When performing retrospective studies, many times a potential association can be found with medications or diet and specific problems. When these risks/associations are low (i.e. relative risks <2), often, these findings do not hold up, particularly with prospective studies which are much more able to control for confounding variables.
For proton pump inhibitors (PPIs), many potential complications have been suggested at low relative risk findings in poorly-controlled studies. A recent study has contradicted previous findings suggesting that PPIs increase the risk of dementia.
Goldstein FC, et al. J Am Geriatr Soc. 2017;doi:10.1111/jgs.14956. (Thanks to Ben Gold for this reference)
A link and an excerpt from a summary of this study from Healio Gastroenterology:
They evaluated 10,486 volunteers within the NIH-supported Alzheimer’s Disease Centers who were aged 50 years and older and had either normal cognition or mild cognitive impairment at baseline. Participants underwent neuropsychological evaluations and self-reported PPI use at two to six annual visits between 2005 and 2015.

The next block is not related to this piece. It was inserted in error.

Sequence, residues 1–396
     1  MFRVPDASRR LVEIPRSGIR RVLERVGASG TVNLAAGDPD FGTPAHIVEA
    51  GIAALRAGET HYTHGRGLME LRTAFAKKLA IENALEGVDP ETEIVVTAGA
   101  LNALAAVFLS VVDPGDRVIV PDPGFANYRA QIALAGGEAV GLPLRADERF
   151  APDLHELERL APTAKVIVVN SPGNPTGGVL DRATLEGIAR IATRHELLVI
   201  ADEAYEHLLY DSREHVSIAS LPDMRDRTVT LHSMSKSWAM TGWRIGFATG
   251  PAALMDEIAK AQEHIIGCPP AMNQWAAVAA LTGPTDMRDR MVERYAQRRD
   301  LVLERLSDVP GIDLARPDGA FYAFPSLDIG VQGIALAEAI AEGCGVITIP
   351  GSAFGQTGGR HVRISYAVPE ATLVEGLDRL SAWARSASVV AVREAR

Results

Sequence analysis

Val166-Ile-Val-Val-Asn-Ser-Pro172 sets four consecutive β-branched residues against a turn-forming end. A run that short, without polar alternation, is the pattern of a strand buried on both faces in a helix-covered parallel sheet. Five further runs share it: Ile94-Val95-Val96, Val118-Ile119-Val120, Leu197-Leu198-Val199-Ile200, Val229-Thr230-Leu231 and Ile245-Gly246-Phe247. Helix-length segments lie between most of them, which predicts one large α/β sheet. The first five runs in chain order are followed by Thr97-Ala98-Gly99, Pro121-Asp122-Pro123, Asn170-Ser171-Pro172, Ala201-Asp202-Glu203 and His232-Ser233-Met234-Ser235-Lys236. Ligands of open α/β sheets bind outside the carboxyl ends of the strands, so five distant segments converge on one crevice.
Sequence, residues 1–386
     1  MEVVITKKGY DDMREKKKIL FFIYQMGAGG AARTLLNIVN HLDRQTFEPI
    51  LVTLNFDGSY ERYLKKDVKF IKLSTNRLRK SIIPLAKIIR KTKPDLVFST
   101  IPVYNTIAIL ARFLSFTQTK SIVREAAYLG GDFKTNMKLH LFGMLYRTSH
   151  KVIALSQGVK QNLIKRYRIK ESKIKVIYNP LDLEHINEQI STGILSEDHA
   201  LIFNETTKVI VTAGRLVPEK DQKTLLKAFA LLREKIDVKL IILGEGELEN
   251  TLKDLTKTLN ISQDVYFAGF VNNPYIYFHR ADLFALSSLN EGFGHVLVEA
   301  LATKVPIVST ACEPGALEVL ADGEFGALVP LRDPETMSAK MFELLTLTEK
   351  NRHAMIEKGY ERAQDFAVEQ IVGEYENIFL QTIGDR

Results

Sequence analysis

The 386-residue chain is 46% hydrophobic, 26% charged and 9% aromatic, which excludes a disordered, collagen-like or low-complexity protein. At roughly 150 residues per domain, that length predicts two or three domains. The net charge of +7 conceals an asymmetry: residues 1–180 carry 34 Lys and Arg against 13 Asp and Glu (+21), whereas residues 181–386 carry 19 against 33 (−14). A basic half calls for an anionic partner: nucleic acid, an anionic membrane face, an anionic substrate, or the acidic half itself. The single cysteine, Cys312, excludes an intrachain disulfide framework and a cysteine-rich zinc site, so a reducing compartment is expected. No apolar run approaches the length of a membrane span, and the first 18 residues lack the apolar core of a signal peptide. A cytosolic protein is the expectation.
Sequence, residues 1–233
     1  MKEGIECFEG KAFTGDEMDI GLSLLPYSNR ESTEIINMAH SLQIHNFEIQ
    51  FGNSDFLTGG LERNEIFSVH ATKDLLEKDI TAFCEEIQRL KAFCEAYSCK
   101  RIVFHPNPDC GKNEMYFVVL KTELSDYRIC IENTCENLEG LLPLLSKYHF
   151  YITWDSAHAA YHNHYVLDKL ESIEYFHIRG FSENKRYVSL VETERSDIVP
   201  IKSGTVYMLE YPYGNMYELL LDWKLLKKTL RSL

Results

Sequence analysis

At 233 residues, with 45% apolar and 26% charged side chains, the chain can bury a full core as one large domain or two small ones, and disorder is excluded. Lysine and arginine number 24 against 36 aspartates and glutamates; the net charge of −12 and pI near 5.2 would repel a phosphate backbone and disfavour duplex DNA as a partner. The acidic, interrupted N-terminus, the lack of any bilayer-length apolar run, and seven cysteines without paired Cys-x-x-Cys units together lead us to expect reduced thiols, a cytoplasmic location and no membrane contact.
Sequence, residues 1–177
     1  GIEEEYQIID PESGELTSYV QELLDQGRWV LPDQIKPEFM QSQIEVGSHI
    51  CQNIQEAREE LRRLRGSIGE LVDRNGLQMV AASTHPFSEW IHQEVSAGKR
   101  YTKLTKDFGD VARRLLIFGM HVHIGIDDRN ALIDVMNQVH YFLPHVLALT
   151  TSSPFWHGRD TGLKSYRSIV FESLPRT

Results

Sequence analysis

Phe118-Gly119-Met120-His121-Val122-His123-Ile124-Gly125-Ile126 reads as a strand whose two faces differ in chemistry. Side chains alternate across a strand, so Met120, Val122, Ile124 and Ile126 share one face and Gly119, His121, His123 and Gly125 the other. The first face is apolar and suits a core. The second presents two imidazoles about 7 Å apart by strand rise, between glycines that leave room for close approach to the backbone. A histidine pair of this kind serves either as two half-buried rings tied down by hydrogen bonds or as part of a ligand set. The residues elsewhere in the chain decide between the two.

Overall, 884 reported they were taking PPIs at every visit, 1,925 reported they took PPIs intermittently, and 7,677 never reported taking PPIs.
Those who reported continuous PPI use showed a lower risk for cognitive function decline compared with those who never reported using PPIs (HR = 0.78; 95% CI, 0.66-0.93) as well as a lower risk for developing mild cognitive impairment or Alzheimer’s disease (HR = 0.82; 95% CI, 0.69-0.98).
Those who reported using PPIs intermittently also showed a lower risk for cognitive function decline (HR = 0.84; 95% CI, 0.76–0.93) and for developing mild cognitive impairment or Alzheimer’s disease (HR = 0.82; 95% CI, 0.74–0.91).
My take: This study provides reassurance that PPIs are unlikely to result in cognitive decline. Particularly when a study suggests a low risk of an association, further studies are needed to clarify the true risks.
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